Bishop Jones: Willimon wrong about small churches

Bishop Scott Jones has responded to former Bishop Will Willimon’s recent post that offered pointed critiques of small churches.

Bishop Willimon’s article has certainly stirred the pot, but the question is first and foremost not about the size of churches or location. Rural churches in Nebraska and Kansas are facing the difficulties associated with demographic changes, usually depopulation as a result of the changing economics of agriculture. Urban churches face other demographic changes. All of us face huge cultural changes like new technologies and the loss of cultural support for religious practice.

The key issue is a focus on God and God’s mission to save the world. Where congregations see themselves as mission stations whose time, talents and money can be used by the Lord to make disciples of Jesus Christ for the transformation of the world, the Holy Spirit shows up and amazing things happen. United Methodism has too few of these congregations in all locations. We need more churches with high numbers of professions of faith, growing worship attendance, increasing participation in small groups and engagement in world-changing mission. That matters more than size.


6 thoughts on “Bishop Jones: Willimon wrong about small churches

  1. Some interesting statistics that have an impact on the small and large.

    Church giving drops $1.2 billion
    reports 2012 Yearbook of Churches

    Other churches that continued to post membership gains in 2010 are Jehovah’s Witnesses, up 1.85 percent to 1,184,249 members, and the Seventh-day Adventist Church, up 1.61 Percent to 1,060,386 members.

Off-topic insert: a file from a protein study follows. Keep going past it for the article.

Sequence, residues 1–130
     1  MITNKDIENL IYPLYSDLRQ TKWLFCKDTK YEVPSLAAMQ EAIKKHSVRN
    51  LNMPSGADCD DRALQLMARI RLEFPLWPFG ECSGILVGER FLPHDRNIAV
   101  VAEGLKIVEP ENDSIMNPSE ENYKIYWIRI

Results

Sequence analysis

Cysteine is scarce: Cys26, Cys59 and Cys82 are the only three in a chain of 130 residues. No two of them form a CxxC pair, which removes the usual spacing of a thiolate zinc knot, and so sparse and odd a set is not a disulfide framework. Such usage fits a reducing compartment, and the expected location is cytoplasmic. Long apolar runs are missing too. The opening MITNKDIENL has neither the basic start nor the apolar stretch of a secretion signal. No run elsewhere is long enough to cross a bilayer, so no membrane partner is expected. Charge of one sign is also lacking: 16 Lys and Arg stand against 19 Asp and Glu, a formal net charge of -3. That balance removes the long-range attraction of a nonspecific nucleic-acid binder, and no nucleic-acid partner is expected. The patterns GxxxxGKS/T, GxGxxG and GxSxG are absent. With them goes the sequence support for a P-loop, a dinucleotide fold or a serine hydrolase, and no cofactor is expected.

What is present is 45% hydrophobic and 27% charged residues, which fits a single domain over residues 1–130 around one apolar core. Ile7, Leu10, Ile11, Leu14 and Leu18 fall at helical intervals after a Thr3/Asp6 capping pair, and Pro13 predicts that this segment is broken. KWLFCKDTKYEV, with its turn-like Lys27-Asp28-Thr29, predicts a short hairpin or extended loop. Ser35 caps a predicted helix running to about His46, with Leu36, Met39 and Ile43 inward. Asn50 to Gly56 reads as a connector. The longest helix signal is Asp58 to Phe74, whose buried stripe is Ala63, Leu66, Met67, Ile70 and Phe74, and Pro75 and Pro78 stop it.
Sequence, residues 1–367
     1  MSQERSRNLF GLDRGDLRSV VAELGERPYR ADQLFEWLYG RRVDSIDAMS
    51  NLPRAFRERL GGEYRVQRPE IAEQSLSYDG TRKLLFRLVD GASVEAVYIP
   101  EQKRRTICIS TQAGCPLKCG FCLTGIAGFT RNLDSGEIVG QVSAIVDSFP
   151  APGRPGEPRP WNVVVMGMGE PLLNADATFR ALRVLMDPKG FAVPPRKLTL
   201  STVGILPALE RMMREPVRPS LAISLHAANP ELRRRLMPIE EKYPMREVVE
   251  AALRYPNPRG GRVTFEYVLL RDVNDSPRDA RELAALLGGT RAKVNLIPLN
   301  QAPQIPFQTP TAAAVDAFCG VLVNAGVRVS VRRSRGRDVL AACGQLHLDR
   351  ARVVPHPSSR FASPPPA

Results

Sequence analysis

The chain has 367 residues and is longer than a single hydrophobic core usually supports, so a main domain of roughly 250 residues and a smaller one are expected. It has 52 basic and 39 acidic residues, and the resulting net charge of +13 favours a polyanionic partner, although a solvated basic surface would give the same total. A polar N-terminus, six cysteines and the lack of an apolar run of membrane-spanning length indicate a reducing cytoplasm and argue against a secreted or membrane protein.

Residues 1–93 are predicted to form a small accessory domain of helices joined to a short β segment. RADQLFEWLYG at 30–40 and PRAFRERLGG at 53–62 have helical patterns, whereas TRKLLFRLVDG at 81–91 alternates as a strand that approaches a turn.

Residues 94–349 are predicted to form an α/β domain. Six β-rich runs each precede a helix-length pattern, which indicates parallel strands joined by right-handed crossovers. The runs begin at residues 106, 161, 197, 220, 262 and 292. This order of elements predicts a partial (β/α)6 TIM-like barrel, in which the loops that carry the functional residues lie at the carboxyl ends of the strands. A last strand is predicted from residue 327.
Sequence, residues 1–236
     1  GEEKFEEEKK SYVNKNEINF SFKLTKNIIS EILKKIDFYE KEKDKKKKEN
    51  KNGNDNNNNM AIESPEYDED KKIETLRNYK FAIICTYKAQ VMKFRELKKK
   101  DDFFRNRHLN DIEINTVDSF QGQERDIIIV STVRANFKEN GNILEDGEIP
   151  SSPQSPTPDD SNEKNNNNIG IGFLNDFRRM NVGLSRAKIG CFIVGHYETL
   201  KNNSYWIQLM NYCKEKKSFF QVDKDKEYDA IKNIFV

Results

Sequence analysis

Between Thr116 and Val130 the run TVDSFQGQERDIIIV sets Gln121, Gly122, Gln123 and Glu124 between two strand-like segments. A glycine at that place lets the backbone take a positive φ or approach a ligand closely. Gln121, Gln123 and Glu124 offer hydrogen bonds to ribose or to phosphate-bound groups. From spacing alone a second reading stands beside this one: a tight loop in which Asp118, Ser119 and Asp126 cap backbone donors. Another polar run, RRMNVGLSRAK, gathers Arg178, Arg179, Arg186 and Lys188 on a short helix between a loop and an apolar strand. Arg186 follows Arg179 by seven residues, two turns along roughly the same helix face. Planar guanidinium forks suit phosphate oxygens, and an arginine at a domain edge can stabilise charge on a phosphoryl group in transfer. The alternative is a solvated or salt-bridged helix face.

Among mainline denominations, the sharpest rate of membership decline (down 5.90 percent to 4,274,855 members) was posted by the Evangelical Lutheran Church in America.

    Others posting declines include the Presbyterian Church USA (down 3.45 percent to 2,675,873), the Episcopal Church (down 2.71 percent to 1,951,907), the United Church of Christ (down 2.02 percent to 1,058,423), the Lutheran Church (Missouri Synod (down 1.45 percent to 2,278,586), the United Methodist Church (down 1.22 percent to 7,679,850), and the American Baptist Churches USA (down .19 percent to 1,308,054).

  2. The whole article states truth that is usually attacked because of the institutions need to continue to exist! To agree with Willimon is to admit that maybe Mainline Denominations have outlived their usefulness. And to say it leaves one open to allegations of not being compassionate/caring.

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